To address concerns regarding biases that may be caused by the sequence specificity of micrococcal nuclease20 and possible biases in parallel sequencing, we performed a different kind of in vitro experiment that measures the relative nucleosome affinity of ~40,000 double-stranded 150-bp oligonucleotides without the use of micrococcal nuclease or parallel sequencing. The resulting 5-base-pair nucleosome sequence preferences are in excellent agreement with those discovered in the genome-wide in vitro reconstitution (correlation of 0.83), and there is a good correlation (0.51) between the measured oligonucleotide affinities and those predicted by the model constructed from the genome-wide in vitro map (Supplementary Fig. 7). These results are wholly independent of either micrococcal nuclease or parallel sequencing, and thus confirm that the sequence specificities derived from our previous experiments were caused by intrinsic nucleosome preferences, rather than being an artefact of our experimental approach.

Previous studies identified nucleosome depletion around transcription start and stop sites5-7,9-11. However, because these studies were based on in vivo data, it was not possible to determine which mechanism accounted for the observed patterns. The in vitro and in vivo maps show highly similar stereotypic nucleosome depletion at translation end sites, indicating that this depletion is largely encoded by nucleosome sequence preferences (Fig. 4b and Supplementary Fig. 8). The two maps also show stereotypic nucleosome depletion at transcription start sites, indicating that this depletion is also partly encoded by nucleosome sequence preferences (Fig. 4a). However, the level of depletion around transcription start sites in vitro is smaller than in vivo, indicating that transcription factors, chromatin remodellers, the transcription initiation machinery and other mechanisms also contribute to the depletion. Another difference around start sites (Fig. 4a) is the longer-range ordering of nucleosomes into coding regions observed in the in vivo map. This may be partly explained by the higher nucleosome concentration in vivo (see Methods), which causes increased ordering by statistical positioning21.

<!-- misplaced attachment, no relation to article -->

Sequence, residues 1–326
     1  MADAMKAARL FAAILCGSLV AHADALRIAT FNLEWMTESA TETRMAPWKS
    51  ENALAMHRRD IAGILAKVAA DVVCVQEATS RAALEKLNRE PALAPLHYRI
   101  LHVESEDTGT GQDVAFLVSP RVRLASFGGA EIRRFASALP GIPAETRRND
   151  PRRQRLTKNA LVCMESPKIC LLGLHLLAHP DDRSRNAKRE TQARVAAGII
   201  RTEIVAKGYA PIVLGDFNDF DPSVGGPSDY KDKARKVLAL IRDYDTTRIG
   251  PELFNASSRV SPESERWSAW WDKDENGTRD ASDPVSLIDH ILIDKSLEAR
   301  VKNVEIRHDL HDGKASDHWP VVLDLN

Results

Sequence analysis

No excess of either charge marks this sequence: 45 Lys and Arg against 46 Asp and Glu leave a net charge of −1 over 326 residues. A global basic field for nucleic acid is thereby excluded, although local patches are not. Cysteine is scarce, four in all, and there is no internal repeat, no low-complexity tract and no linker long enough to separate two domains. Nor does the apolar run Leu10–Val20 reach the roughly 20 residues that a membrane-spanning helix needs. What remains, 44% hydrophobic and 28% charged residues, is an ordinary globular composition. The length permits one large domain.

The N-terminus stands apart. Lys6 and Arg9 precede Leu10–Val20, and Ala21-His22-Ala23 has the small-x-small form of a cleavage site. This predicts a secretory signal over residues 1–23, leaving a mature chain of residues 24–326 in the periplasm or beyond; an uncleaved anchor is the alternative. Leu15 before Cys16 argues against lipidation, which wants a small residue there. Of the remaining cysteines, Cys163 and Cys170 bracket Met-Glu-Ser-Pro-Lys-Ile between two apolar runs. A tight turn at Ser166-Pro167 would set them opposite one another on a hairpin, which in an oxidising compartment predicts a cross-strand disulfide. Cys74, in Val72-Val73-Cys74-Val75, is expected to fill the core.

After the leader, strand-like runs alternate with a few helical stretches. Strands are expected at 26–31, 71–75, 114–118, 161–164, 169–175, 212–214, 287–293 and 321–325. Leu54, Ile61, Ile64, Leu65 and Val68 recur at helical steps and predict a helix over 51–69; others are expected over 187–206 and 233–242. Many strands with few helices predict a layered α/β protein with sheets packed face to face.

Figure 4
The intrinsic nucleosome organization over transcripts and transcription factor binding sites

Nucleosome depletion has also been reported around transcription factor binding sites in vivo7,9,11. In both our in vivo and in vitro maps, nucleosome depletion was observed, on average, around the chromatin-immunoprecipitation-determined binding sites22 of most transcription factors. The maps also agree on the degree of depletion around binding sites (correlation of 0.62; Fig. 4c and Supplementary Fig. 9). These results indicate that nucleosome depletion around regulatory factor binding sites is partly encoded in the genome’s intrinsic nucleosome organization, and that this intrinsic organization may facilitate transcription initiation and assist in directing transcription factors to their appropriate sites in the genome5,23.

Binding sites for the yeast factors Abf1 and Reb1 show the largest deviation from the above agreement, with sites for both factors being more depleted in vivo than in vitro. Notably, both factors are highly abundant and influence chromatin structure24,25, indicating that the depletion around their sites in vivo may be attributable to their own action. The large nucleosome depletion over these factor sites resulted in them being major components of a nucleosome occupancy model created from in vivo data7. However, because the model constructed here is based solely on in vitro data, in which these sites have only moderate depletion, they are not major components of our model.

In summary, we find marked similarities between the nucleosome organization governed only by the DNA sequence preferences of nucleosomes, and the organization of nucleosomes in vivo measured under different growth conditions. This result indicates that nucleosome sequence preferences are important determinants of nucleosome organizations in vivo. Our analysis indicates that genomes may use their intrinsically encoded nucleosome organization to facilitate functions such as transcription factor binding and transcription. Despite the overall similarity between the in vitro and in vivo maps, there are differences, consistent with previous studies showing that factors other than nucleosome sequence preferences contribute to nucleosome organization in vivo. Future studies will focus on understanding how nucleosomes are remodelled locally and the function of such remodelling in transcriptional regulation.